Raen took the few short steps to the center of the barge and sat as far as she could from any of the sides of the boat. This was going to be okay. Raen sat still and closed her eyes, letting the slight motion of the deck rock her in a nearly soothing way. Focus, she thought. She needed to prepare herself for their mission. She was one of eight people on this expedition to catch specimens of the planet’s venomous snakes and other creatures. The apothecary guild specialized in milking the venom. They both used it in the medicines they produced and shipped it off-world to satisfy the empire’s need for the complex chemical compounds found in the venom.
The gentle swaying of the deck and sensation of motion reminded her of a dream she had often had when she was younger. In the dream, chaotic swirls of light flashed and shimmered around her. Vertigo gripped her stomach churning it and what little it held. Abruptly darkness and stillness dropped on her like a heavy curtain. Her universe contracted around her. She felt the barest whisper of fresh air flowing in her nostrils. A tiny bubble of moisture wet her lips. She sucked at it and drank deeply fresh cool water.
Raen licked her lips and felt the humidity of the river. In that dream, the water had soothed her. She had never felt fear in that dream, no matter the strange chaos of it. Raen opened her eyes, her apprehension shoved to the deepest part of her stomach, where it barely itched. She got up and walked to the side of the boat. She watched the water as the boat glided through it. They were traveling upstream. Honor said it would take two days to get to their base camp on the other bank of the river. That was okay since all of her meals on this expedition would be provided. If the meals she had shared with Honor on other occasions she worked with him were any example the food would be plentiful.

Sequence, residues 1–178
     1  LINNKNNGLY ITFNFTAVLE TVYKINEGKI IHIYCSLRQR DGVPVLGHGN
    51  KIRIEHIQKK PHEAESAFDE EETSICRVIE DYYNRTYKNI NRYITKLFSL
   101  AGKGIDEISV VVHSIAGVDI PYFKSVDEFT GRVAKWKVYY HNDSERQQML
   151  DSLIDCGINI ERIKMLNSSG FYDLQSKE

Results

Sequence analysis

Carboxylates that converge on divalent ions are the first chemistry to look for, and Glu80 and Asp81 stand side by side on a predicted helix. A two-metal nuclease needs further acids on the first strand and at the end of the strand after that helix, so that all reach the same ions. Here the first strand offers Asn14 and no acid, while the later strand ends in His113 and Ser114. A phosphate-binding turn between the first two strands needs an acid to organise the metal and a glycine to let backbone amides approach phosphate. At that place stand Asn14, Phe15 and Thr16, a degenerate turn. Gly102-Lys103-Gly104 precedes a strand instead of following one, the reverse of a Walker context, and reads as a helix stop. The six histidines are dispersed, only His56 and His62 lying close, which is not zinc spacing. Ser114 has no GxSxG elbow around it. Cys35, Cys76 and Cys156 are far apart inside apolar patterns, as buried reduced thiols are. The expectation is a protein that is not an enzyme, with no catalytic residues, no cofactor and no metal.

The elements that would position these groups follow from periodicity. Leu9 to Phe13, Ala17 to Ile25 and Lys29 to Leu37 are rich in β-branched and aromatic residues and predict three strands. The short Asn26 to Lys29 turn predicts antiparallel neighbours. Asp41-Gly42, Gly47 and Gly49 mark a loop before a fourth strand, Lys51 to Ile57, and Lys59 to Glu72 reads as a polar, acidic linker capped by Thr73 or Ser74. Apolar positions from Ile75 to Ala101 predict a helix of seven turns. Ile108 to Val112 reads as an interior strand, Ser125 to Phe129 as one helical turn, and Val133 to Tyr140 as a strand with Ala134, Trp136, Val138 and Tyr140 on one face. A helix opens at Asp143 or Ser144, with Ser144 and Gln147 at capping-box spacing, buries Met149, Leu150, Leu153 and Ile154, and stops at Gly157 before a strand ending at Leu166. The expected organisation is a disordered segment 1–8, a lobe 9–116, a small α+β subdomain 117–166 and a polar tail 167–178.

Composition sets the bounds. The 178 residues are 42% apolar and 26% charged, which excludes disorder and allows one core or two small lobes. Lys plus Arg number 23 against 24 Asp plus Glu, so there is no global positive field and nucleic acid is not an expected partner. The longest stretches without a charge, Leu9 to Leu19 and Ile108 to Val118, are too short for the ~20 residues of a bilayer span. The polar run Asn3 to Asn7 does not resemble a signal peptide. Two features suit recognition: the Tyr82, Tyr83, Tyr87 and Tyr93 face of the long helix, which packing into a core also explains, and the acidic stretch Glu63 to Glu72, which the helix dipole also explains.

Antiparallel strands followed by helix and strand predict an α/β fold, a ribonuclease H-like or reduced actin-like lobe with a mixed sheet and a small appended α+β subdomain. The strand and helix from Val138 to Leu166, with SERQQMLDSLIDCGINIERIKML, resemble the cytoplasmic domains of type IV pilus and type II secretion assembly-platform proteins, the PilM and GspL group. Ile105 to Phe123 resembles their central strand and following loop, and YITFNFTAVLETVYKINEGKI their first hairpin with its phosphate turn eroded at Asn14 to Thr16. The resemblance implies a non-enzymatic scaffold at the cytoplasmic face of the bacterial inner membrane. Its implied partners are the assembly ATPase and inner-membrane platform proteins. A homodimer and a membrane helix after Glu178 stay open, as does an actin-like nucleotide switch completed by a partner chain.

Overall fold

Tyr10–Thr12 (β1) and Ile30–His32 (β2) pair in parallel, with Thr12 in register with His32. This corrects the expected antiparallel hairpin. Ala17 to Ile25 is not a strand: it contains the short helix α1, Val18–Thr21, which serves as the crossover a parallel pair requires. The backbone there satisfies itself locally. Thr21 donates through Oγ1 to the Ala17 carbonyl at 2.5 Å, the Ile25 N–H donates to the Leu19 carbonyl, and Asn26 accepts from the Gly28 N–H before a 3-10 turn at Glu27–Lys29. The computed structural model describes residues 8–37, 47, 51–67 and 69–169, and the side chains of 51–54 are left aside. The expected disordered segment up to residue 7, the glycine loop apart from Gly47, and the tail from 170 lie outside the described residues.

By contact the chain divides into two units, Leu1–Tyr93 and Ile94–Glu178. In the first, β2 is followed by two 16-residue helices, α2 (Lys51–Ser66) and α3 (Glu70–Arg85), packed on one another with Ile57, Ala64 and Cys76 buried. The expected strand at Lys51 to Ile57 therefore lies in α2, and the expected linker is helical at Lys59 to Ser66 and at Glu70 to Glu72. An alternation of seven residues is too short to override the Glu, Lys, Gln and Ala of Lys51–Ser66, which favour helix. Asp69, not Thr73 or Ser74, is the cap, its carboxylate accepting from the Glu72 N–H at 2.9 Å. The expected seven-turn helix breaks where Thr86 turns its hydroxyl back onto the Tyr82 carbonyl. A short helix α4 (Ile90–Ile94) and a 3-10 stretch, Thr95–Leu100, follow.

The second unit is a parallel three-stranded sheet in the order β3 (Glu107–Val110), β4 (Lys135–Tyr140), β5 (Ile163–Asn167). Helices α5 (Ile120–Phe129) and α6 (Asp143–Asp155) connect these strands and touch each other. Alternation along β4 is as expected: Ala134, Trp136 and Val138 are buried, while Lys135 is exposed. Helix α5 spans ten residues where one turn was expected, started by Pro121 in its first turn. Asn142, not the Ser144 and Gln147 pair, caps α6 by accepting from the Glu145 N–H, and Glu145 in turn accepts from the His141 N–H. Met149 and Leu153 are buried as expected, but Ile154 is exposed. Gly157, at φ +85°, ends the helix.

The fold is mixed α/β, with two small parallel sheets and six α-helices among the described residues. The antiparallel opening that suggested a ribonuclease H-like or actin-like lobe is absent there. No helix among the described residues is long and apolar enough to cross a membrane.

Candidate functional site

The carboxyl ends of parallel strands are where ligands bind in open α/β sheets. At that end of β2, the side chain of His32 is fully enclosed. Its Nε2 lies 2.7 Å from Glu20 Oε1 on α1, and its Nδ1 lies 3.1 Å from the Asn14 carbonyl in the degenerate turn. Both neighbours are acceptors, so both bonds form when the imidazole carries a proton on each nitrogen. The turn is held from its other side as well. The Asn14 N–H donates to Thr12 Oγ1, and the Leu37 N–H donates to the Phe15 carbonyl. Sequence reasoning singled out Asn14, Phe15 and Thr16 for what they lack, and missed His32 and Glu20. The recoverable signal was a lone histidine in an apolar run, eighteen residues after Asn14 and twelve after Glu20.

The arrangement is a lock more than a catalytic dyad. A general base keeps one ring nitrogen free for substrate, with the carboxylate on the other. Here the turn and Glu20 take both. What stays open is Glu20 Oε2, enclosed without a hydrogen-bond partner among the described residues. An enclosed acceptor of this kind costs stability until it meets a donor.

Fish surfaced in the river, drawing Raen’s attention. What small portion of them she saw left her in awe of their size. She had only seen small fish in the market stalls. A hand rested on Raen’s shoulder, “Impressive isn’t it?”
Raen looked over her shoulder to see Honor. “There is nothing like it in the city,” Raen replied.
“That’s why it was named The Great River. They say you can see it from space. It is one of the reasons our ancestors chose to colonize Tradehub.”
“Yeah, not every world has such an abundant and easily accessible source of water. Between that river and the placement of Tradehub in the galaxy, the colonial authorities decided to colonize this planet. They sent ahead terraforming ships to release the plants and animals we would need several hundred years before they sent us to live here. Somehow something about this planet caused rapid evolution and the ecosystem was almost unrecognizable to the colonist when they got here,” Honor told her.
It was information she didn’t have. With no formal education, she had a surprisingly complete knowledge base when it came to natural laws, the sciences, mathematics, and some languages. The holes in her knowledge mostly existed in the areas of history and culture. “I didn’t know that.”
“With everything you have locked up in that wonderful brain of yours, that statement surprises me,” Honor tussled Raen’s hair, “Come on, the captain’s wife has lunch on the table.”
Raen looked out over the river for a moment and then followed Honor and her stomach towards the smell of some kind of fishy stew.